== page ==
The translation the dictionary gave me was "Fraternitas Militaris, which I am not sure is correct. Can someone inform me if I am getting poor information and, what the correct translation would be?" I should note that the context of this is phrase is for a coin that I want to make for every Brother who has served as an officer (chancellor, vice-chancellor, scribe, treasurer, sergeant at arms) in the Fraternity.
When I went to translate "Fraternity Officer" into Latin with a free online dictionary, and I came up with this
Welcome to the site! A literal translation could be fraternitatis officialis, but literal translations are often uglier and less desirable. For a more appropriate answer with explanations, we'd need more context. What role does an "officer" have, exactly? Presumably this is not a government official appointed to oversee fraternities?– Cerberus ♦Nov 5, 2018 at 0:26
No. This is a Brother who has been elected to a leadership position to oversee various functions he is responsible for in the Fraternity. I would have liked to have one for each position, but funds dictate that I can only have a general coin for my Officers.– Max GatzkeNov 6, 2018 at 1:14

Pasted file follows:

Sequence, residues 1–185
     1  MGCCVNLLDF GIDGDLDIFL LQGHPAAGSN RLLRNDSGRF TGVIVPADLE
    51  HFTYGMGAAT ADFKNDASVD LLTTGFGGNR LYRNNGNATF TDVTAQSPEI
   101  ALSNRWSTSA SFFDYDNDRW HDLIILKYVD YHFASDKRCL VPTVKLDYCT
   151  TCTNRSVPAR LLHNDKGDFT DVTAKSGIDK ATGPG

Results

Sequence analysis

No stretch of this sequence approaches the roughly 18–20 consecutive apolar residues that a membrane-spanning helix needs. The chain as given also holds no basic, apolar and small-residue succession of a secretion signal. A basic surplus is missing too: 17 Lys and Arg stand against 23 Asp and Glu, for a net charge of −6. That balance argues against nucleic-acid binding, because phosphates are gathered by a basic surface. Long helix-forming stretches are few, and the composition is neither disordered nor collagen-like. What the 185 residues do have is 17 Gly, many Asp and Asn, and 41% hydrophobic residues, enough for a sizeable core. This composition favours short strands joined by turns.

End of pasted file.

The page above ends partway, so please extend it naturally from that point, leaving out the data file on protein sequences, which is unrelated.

You might consider using sodalitas, rather than the quite rare, but still acceptable fraternitas. For 'officer' in the sense that you require, the best word from classical usage is probably praepositus.
Together, these would be used in the form sodalitati praepositus, literally 'officer for the fraternity'.
Are you suggesting praepositus or praefectus?– Draconis ♦Nov 7, 2018 at 16:21
I have corrected it! Nov 7, 2018 at 16:23
So If I wanted to use fraternitas, would the acceptable form be fraternitati? To keep with the grammar of course Nov 7, 2018 at 16:29
@Max Gatzke Yes. It's the dative singular that you need, which always ends in -itati for words like these, where the nominative endinding is -itas. Nov 7, 2018 at 17:01